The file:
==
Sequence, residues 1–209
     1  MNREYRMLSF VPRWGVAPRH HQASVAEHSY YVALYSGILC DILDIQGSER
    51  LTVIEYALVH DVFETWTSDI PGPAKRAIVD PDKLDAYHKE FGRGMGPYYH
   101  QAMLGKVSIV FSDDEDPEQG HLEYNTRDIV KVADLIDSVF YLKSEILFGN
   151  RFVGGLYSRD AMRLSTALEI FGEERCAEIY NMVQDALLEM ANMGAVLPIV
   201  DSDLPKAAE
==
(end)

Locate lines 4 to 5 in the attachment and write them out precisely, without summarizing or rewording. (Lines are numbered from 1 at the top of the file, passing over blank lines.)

   101  QAMLGKVSIV FSDDEDPEQG HLEYNTRDIV KVADLIDSVF YLKSEILFGN
   151  RFVGGLYSRD AMRLSTALEI FGEERCAEIY NMVQDALLEM ANMGAVLPIV